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Page 268 - That all men are born equally free and independent, and have certain natural inherent and unalienable rights, amongst which are the enjoying and defending life and liberty; acquiring, possessing and protecting property, and pursuing and obtaining happiness and safety.
Page 36 - Magnanimity in politics is not seldom the truest wisdom; and a great empire and little minds go ill together. If we are conscious of our situation, and glow with zeal to fill our...
Page 7 - That it be recommended to the respective assemblies and conventions of the united colonies, where no government sufficient to the exigencies of their affairs has been hitherto established to adopt such government as shall, in the opinion of the representatives of the people, best conduce to the happiness and safety of their constituents in particular, and America in general.
Page 382 - A further and better statement of the nature of the claim or defence, or further and better particulars of any matter stated in any pleading, notice, or written proceeding requiring particulars, may in all cases be ordered, upon such terms, as to costs and otherwise, as may be just.
Page 172 - ... right to determine the law and the facts under the direction of the court, as in other cases.
Page 172 - That the printing presses shall be free to every person who undertakes to examine the proceedings of the legislature or any branch of government; and no law shall ever be made to restrain the right thereof. The free communication of thoughts and opinions is one of the invaluable rights of man: and every citizen may freely speak, write, and print on any subject, being responsible for the abuse of that liberty.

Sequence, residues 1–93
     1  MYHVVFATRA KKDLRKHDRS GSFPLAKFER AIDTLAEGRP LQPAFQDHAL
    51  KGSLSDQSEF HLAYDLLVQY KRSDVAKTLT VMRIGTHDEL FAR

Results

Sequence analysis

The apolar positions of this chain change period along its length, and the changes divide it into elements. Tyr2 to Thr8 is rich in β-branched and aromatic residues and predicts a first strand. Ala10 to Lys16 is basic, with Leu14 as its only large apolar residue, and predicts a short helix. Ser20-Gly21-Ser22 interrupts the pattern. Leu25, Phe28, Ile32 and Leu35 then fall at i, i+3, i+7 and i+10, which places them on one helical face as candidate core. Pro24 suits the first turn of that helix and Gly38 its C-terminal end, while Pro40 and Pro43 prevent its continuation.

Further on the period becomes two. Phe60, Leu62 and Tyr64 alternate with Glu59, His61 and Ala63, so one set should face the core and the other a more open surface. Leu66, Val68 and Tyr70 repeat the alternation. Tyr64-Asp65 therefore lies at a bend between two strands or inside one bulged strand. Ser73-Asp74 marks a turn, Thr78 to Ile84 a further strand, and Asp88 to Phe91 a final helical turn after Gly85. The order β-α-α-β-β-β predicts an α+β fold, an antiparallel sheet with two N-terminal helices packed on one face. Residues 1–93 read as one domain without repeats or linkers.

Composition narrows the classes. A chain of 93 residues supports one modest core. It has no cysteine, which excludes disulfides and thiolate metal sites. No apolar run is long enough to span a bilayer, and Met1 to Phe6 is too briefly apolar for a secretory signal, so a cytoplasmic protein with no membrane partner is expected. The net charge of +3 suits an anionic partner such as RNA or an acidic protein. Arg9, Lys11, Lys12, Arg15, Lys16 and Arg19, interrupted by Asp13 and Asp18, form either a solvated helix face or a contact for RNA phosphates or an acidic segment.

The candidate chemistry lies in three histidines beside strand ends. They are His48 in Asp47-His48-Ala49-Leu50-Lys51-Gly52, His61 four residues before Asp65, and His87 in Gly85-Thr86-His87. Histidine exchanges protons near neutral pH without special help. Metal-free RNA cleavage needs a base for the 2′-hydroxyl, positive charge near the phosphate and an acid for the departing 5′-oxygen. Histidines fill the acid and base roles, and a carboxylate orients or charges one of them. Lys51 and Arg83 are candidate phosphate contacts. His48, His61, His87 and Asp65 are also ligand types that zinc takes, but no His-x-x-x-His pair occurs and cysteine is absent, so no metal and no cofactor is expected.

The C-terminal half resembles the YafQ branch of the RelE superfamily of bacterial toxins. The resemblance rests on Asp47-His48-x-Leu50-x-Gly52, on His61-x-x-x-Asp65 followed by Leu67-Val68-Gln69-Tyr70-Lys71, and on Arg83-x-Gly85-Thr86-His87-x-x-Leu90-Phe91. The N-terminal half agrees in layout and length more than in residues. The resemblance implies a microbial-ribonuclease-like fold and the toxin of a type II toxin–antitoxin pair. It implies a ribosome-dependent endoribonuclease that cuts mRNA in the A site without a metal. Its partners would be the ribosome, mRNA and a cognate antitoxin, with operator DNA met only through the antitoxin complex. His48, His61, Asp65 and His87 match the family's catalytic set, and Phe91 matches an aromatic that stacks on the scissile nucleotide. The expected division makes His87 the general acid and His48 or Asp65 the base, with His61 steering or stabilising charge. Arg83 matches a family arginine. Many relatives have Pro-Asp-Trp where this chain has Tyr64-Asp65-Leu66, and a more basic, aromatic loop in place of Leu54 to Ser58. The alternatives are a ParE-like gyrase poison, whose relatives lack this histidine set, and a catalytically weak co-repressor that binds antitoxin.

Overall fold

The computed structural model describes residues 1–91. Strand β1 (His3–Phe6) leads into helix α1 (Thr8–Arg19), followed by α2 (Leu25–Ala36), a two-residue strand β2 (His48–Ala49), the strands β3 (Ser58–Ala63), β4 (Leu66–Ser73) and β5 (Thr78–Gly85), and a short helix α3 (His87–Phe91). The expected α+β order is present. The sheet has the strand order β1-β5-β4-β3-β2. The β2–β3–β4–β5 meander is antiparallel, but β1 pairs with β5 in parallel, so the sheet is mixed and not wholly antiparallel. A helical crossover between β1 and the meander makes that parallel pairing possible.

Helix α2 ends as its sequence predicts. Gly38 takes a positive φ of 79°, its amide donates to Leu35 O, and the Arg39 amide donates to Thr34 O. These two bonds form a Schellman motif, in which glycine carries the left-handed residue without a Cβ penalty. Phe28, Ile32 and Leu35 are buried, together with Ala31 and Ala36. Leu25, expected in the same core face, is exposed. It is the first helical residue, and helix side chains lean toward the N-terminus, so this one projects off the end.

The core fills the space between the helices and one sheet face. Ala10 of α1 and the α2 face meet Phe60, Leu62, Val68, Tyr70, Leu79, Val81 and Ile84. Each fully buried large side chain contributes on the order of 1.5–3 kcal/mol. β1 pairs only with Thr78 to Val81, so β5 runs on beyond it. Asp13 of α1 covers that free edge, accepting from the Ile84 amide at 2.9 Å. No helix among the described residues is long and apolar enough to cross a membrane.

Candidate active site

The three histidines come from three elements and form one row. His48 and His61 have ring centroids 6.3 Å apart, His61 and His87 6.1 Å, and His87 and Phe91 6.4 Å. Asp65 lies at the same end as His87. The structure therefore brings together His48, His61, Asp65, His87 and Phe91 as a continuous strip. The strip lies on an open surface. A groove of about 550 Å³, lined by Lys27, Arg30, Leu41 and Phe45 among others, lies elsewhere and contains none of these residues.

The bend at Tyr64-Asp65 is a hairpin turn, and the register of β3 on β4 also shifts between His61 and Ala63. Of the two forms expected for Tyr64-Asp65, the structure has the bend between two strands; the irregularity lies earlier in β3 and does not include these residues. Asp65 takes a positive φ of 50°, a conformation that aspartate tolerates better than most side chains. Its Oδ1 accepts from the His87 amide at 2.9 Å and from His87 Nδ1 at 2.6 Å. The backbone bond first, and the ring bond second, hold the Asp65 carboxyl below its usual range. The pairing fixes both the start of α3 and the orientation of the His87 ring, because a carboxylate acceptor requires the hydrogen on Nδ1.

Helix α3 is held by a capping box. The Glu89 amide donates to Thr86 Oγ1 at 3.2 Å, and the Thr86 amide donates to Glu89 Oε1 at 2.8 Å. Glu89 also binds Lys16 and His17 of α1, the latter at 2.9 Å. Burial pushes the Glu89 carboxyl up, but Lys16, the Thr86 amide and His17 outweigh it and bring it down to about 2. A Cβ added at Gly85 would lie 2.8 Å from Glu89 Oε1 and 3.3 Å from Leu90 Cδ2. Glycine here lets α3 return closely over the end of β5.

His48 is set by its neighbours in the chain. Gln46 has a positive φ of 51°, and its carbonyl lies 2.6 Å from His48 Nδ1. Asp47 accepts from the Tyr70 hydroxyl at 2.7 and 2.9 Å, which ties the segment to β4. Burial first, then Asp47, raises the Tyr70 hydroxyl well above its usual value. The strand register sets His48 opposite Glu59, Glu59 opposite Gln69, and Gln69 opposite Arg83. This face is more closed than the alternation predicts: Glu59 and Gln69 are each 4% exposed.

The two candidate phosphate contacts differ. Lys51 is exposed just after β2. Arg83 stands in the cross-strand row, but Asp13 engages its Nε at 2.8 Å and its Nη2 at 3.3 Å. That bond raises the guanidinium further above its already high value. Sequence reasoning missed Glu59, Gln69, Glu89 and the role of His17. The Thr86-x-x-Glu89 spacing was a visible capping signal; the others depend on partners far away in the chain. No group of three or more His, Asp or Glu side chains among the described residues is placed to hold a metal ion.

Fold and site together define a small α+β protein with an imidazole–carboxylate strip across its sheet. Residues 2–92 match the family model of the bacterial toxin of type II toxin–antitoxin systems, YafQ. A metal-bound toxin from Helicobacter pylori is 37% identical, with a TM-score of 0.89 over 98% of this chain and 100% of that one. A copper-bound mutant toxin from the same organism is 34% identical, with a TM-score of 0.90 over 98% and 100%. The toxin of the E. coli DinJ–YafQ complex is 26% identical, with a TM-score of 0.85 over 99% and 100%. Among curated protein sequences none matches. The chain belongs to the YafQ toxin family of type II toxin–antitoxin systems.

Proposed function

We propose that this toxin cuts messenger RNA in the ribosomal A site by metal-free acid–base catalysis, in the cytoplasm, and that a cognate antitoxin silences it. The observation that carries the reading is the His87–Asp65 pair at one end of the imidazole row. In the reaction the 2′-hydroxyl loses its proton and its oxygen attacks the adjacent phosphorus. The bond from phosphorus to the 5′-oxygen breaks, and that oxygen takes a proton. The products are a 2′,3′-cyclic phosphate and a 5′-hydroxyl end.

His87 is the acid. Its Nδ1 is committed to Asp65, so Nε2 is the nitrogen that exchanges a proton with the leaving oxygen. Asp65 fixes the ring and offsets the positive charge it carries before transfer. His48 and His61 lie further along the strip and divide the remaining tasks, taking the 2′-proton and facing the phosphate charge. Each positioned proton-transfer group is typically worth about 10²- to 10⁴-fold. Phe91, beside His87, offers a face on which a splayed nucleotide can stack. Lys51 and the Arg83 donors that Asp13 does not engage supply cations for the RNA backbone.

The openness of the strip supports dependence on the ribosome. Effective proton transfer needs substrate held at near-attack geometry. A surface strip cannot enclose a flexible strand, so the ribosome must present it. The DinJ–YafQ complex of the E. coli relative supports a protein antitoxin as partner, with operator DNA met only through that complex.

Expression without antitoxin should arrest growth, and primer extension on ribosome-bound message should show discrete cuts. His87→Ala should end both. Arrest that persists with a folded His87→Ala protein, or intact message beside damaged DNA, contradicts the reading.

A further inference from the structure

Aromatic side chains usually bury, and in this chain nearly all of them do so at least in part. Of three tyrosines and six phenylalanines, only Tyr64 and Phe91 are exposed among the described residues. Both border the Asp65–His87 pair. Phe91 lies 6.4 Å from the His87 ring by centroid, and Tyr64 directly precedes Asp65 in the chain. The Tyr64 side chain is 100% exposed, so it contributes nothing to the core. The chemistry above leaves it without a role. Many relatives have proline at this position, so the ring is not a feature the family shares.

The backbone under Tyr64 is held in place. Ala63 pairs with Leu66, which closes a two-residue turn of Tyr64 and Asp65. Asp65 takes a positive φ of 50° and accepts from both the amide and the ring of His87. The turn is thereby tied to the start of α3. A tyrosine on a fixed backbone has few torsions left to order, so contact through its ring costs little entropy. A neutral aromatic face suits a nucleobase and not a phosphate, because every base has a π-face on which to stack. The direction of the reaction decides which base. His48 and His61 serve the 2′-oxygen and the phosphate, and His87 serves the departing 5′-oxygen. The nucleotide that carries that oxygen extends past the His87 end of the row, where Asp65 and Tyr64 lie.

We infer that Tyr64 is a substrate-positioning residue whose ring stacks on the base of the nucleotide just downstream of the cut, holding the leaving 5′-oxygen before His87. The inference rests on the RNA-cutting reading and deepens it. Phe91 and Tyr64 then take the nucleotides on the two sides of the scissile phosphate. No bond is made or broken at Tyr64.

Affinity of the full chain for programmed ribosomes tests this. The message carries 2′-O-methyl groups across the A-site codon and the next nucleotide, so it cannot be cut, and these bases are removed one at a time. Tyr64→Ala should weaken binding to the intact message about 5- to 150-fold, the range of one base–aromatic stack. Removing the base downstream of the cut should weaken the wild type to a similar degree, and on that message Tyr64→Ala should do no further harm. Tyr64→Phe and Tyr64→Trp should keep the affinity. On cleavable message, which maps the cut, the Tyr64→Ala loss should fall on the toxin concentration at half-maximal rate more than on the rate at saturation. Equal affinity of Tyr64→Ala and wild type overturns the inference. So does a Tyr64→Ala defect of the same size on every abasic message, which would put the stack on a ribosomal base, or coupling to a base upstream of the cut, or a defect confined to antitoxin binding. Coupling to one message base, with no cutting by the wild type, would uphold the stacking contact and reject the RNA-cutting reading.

Page 13 - The people of a State, therefore, give to their government a right of taxing themselves and their property, and as the exigencies of government cannot be limited, they prescribe no limits to the exercise of this right, resting confidently on the interest of the legislator, and on the influence of the constituents over their representative, to guard them against its abuse.
Page 12 - The printing press shall be free to every person who may undertake to examine the proceedings of the Legislature or any branch of government, and no law shall ever be made to restrain the right thereof. The free communication of thoughts and opinions is one of the invaluable rights of man, and every citizen may freely speak, write and print on any subject, being responsible for the abuse of that liberty.
Page 572 - In actions on the case, the plea of not guilty shall operate as a denial only of the breach of duty or wrongful act alleged to have been committed by the defendant, and not of the facts stated in the inducement, and no other defence than such denial shall be admissible under that...